Combating Computer Vision Syndrome (CSV)

CSV- Computer Vision Syndrome

CSV- Computer Vision SyndromeWith the average American spending 10+ hours a day plugged in, eye health is becoming an increasing concern in our nation. Recent studies show that between 50% and 90% of people who work at a computer screen exhibit at least some negative symptoms as a result.

TVs, Computers, Cell Phones, Tablets, and other screened devices have all become such integral parts of our professional and personal daily lives that many of us would not even consider living without them at this point… but the negative impact they can have on one’s well-being should not be ignored.

Understanding CSV – Computer Vision Syndrome

Computer Vision Syndrome isn’t one specific problem. Instead, it includes a whole range of eye problems including eye soreness, headaches, blurred vision, dry eyes, and neck and shoulder pain. Likewise, there is no one cause for these symptoms.  While many people assume the issue is just THAT they are using their devices too much, experts have determined that many of these symptoms can be negated through better habits and understanding of where these issues are coming from.  If you suffer from from the above issues, try following these helpful steps:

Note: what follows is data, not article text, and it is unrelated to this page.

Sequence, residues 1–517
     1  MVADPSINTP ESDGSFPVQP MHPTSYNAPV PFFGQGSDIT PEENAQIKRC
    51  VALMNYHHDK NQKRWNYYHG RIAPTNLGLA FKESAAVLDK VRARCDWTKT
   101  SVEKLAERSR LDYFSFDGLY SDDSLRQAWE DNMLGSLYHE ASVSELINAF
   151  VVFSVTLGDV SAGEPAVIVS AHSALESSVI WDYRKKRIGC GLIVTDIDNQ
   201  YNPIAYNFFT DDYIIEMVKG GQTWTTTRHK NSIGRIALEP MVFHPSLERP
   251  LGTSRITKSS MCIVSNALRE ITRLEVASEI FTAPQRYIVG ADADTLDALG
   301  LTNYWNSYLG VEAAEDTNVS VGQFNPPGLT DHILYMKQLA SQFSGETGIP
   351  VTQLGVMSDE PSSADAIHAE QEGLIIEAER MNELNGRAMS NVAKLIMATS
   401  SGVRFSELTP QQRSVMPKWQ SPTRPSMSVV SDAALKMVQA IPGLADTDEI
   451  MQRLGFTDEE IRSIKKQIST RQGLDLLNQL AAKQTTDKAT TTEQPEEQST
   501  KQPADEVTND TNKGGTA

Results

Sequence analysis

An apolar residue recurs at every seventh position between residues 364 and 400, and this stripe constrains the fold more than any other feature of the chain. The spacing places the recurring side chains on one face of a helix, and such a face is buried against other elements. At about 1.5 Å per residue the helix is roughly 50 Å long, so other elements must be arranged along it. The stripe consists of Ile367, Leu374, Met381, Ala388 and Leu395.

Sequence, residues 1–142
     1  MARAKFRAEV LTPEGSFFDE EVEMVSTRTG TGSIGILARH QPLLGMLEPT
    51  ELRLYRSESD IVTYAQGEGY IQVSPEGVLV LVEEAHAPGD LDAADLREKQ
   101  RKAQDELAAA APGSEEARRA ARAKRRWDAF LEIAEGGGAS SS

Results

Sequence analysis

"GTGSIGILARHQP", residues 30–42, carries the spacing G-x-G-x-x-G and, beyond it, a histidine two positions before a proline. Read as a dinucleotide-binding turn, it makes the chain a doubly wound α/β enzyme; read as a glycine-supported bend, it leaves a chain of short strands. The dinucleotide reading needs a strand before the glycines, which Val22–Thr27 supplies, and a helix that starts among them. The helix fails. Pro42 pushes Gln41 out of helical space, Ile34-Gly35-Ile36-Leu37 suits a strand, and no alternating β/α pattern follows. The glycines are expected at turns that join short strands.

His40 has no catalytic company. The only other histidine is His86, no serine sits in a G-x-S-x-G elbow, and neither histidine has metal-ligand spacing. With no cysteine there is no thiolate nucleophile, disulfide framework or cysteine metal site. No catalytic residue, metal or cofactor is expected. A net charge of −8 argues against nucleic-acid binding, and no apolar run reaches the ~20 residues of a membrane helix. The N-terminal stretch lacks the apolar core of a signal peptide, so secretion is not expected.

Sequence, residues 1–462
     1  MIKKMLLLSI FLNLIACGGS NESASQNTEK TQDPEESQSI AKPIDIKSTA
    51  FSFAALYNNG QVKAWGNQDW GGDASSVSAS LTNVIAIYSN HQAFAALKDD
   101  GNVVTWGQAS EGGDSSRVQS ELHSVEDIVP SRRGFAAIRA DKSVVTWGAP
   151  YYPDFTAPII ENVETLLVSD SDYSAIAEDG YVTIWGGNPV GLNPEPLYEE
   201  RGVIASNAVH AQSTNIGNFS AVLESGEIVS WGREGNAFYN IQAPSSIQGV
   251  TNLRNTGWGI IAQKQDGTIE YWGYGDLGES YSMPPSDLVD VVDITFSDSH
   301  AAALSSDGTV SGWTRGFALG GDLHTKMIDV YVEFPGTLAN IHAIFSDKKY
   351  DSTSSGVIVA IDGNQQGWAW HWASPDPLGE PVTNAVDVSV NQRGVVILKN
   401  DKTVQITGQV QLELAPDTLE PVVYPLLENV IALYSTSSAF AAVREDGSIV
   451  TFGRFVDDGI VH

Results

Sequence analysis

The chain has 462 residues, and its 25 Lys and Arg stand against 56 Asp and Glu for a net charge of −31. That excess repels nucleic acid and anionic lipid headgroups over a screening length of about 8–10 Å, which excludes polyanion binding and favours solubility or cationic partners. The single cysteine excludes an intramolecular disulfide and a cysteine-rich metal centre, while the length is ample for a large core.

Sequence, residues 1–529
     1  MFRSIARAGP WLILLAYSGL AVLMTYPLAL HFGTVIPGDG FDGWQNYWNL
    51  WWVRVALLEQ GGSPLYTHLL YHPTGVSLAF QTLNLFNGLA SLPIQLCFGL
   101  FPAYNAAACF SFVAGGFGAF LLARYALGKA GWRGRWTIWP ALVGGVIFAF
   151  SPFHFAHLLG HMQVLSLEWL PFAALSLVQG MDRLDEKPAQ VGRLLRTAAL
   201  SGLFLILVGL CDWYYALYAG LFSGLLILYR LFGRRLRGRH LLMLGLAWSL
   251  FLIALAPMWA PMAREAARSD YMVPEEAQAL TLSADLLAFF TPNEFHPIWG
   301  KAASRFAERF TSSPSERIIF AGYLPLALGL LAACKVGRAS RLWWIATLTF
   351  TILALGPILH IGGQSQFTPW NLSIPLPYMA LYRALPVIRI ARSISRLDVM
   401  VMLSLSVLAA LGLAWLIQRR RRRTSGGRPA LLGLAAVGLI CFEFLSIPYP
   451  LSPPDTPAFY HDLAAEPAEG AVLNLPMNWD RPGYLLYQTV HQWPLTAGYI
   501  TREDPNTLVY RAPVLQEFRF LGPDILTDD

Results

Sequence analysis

1. Adjust your lighting:  The high contrast between a bright screen and a darker room can create extra strain on your eyes.  A well lit room allows your pupils to dilate to the appropriate level for your monitor’s light output, or if your device offers the option, make sure to enable low-light mode and/or blue light filtering whenever you are in a more poorly lite enviornment.  This can save your battery life and your eyes.
  2. The 20-20-20 rule:  When you are working (or playing) in front of a screen for extended periods of time, take regular breaks for your eyes. It’s not hard once you get into the habit.  Every 20 minutes you spend looking at a screen, stop to look at something else that’s at least 20 feet away for at least 20 seconds. On a related note, this is not a bad time to get up and walk around, and just let all your other muscles limber up a bit as well.
  3. Purchase computer glasses They are like reading glasses specifically for computer screens.
  4. Reposition your monitor:  Monitors should be positioned 20″-30″ away whereas TVs should typically be 8-12 feet away depending on the size of your screen.  Also make sure that your eyes are on level with your screen.  The neck strain and headaches associated with CSV often comes from poor posture resulting in prolonged periods of looking either up or down with your whole head.
  5. Break up and reduce your total screen time: If your job requires you to look at a computer for eight hours a day, don’t start playing computer games the minute you get home. Spend more time outdoors, and focus on more distant, real-world subjects.

Addressing the eye health and ergonomic needs of your employees is important to the productivity of your workforce. Let one of our consultants evaluate your work-space, and help your employees develop a healthy relationship with their technological needs.